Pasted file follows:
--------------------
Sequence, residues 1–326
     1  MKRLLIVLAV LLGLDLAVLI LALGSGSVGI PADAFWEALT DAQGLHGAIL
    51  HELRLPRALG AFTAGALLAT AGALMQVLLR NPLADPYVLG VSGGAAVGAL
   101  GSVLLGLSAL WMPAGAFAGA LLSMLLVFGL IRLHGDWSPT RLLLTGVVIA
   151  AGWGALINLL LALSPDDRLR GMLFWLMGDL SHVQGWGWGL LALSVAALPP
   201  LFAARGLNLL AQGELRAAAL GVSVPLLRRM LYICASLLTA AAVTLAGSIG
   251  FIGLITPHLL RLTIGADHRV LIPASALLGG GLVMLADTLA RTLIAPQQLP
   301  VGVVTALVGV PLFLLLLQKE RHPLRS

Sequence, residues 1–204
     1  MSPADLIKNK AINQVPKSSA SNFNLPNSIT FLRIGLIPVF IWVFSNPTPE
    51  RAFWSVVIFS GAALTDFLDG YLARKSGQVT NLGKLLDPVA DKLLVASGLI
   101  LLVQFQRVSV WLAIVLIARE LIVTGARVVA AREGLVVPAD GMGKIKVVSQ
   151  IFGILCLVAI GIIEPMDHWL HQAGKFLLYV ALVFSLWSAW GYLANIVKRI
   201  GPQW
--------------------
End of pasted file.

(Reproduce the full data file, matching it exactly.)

Sequence, residues 1–326
     1  MKRLLIVLAV LLGLDLAVLI LALGSGSVGI PADAFWEALT DAQGLHGAIL
    51  HELRLPRALG AFTAGALLAT AGALMQVLLR NPLADPYVLG VSGGAAVGAL
   101  GSVLLGLSAL WMPAGAFAGA LLSMLLVFGL IRLHGDWSPT RLLLTGVVIA
   151  AGWGALINLL LALSPDDRLR GMLFWLMGDL SHVQGWGWGL LALSVAALPP
   201  LFAARGLNLL AQGELRAAAL GVSVPLLRRM LYICASLLTA AAVTLAGSIG
   251  FIGLITPHLL RLTIGADHRV LIPASALLGG GLVMLADTLA RTLIAPQQLP
   301  VGVVTALVGV PLFLLLLQKE RHPLRS

Sequence, residues 1–204
     1  MSPADLIKNK AINQVPKSSA SNFNLPNSIT FLRIGLIPVF IWVFSNPTPE
    51  RAFWSVVIFS GAALTDFLDG YLARKSGQVT NLGKLLDPVA DKLLVASGLI
   101  LLVQFQRVSV WLAIVLIARE LIVTGARVVA AREGLVVPAD GMGKIKVVSQ
   151  IFGILCLVAI GIIEPMDHWL HQAGKFLLYV ALVFSLWSAW GYLANIVKRI
   201  GPQW